In 1861, as a means of financing the American Civil War, the federal government began issuing paper money for the first time since the Continental Congress printed currency to help pay for the Revolutionary War (the earlier form of paper dollars, dubbed continentals, were produced in such high volume that they soon lost much of their value). In the decades leading up to the Civil War, private, state-chartered banks printed paper money, resulting in a wide range of denominations and designs. The new bills circulated by the U.S. government starting in the 1860s came to be known as greenbacks because their back sides were printed in green ink. This ink was an anti-counterfeiting measure used to prevent photographic knockoffs, since the cameras of the time could only take pictures in black and white.
In 1929, the government shrunk the size of all paper money (in order to cut down on manufacturing costs) and instituted standardized designs for each denomination, which made it easier for people to tell real bills from fakes. The small-sized bills continued to be printed with green ink because, according to the U.S. Bureau of Printing and Engraving, the ink was plentiful and durable and the color green was associated with stability.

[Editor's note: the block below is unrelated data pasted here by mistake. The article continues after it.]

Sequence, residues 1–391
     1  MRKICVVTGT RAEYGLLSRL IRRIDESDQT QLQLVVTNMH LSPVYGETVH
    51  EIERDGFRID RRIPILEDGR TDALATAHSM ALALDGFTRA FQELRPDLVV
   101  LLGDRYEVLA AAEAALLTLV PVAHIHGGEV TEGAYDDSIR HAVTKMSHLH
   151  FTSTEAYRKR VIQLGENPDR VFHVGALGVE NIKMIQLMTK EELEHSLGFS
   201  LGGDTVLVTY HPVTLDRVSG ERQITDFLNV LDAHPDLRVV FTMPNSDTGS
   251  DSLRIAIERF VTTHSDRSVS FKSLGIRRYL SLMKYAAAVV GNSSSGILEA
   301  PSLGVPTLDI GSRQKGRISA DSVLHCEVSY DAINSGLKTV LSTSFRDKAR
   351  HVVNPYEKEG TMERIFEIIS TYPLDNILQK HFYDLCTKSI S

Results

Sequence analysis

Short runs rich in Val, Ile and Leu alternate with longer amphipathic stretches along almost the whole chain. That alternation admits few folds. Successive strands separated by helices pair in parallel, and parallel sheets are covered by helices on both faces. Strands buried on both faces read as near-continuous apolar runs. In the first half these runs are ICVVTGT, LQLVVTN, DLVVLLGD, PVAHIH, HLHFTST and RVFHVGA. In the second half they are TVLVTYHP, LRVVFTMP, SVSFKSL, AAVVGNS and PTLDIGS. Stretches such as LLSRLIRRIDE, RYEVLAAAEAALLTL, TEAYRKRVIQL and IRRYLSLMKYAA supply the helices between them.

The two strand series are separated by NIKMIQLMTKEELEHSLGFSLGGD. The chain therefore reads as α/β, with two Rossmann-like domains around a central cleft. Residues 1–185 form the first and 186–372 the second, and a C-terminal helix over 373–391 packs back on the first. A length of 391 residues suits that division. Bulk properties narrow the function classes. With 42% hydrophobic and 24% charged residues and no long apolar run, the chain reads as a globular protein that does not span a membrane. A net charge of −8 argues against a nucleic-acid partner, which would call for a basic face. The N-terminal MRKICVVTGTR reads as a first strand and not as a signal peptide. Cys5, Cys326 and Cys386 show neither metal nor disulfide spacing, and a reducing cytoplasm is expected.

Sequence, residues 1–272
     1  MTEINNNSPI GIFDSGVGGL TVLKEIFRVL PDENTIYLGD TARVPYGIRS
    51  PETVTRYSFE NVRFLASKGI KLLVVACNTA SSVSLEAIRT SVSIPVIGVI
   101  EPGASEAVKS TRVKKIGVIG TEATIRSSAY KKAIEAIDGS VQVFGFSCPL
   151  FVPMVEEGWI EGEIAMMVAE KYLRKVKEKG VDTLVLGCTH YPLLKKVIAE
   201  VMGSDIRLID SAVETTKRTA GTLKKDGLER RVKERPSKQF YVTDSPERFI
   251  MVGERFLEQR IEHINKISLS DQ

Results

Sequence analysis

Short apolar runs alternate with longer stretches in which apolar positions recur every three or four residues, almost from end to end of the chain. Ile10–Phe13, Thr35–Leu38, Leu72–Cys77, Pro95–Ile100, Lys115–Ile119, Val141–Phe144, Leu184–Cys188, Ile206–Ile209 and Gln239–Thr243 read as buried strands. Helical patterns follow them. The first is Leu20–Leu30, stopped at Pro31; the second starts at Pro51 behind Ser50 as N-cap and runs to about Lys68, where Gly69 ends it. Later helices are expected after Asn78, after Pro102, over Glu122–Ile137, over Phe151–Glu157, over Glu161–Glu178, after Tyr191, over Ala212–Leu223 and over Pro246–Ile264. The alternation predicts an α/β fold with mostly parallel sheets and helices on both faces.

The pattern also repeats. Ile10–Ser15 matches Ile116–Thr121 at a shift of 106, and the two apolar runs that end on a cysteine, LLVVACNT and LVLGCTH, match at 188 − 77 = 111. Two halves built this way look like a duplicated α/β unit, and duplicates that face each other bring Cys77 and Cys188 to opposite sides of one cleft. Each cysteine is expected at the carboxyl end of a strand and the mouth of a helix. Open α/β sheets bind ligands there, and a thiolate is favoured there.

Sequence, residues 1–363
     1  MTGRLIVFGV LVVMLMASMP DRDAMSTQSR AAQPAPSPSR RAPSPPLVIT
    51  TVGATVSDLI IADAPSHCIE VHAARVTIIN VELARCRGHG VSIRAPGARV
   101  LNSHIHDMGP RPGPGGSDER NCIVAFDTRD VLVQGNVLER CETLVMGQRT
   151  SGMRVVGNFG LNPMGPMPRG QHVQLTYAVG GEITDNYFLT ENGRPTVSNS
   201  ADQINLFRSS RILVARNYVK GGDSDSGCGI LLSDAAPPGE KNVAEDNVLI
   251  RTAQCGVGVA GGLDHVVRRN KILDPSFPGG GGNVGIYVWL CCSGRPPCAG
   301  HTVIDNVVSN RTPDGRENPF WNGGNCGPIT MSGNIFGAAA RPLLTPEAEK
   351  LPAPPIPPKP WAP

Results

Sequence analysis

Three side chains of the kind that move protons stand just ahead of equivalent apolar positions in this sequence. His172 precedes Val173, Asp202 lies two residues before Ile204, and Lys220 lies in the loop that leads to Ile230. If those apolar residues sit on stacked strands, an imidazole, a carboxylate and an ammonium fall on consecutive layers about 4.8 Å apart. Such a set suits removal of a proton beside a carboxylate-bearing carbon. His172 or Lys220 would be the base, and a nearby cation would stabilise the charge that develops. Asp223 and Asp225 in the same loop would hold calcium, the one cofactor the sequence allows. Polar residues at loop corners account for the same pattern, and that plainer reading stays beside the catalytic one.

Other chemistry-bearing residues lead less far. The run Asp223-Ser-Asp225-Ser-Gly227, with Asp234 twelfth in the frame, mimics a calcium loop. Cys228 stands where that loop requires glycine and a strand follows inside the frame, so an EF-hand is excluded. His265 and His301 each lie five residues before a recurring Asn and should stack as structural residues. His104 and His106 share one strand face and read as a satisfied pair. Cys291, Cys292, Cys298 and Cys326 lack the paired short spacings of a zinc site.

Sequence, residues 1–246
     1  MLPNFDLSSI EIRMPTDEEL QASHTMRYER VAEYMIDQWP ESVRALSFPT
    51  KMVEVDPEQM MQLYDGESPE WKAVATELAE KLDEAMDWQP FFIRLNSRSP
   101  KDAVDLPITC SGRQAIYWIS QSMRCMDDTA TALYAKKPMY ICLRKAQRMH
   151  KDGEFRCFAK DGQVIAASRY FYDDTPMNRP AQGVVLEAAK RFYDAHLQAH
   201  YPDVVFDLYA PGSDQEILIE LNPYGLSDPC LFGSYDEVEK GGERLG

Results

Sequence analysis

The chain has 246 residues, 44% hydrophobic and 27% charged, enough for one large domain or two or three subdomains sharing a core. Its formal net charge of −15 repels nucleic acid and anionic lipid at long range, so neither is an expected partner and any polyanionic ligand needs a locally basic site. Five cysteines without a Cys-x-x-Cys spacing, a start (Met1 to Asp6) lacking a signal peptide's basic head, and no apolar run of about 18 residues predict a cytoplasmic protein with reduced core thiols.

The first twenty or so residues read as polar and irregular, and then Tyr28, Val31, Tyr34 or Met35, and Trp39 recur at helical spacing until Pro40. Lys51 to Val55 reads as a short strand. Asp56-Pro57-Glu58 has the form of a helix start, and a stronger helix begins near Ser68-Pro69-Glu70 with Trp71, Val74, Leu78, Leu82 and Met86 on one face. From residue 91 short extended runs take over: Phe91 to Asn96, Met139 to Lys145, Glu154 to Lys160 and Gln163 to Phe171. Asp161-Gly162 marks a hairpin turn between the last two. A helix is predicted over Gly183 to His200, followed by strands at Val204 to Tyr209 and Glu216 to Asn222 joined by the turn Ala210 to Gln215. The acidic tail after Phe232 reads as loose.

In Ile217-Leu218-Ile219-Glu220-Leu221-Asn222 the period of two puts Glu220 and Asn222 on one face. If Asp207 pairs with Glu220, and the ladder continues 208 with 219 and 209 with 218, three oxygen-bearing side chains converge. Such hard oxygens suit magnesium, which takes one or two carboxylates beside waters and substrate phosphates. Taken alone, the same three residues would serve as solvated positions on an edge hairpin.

Today, there is some $1.2 trillion in coins and paper money in circulation in America. It costs about 5 cents to produce every $1 bill and around 13 cents to make a $100 bill, the highest denomination currently in circulation. The estimated life span of a $1 bill is close to six years, while a $100 bill typically lasts 15 years. The $50 bill has the shortest average life span: 3.7 years.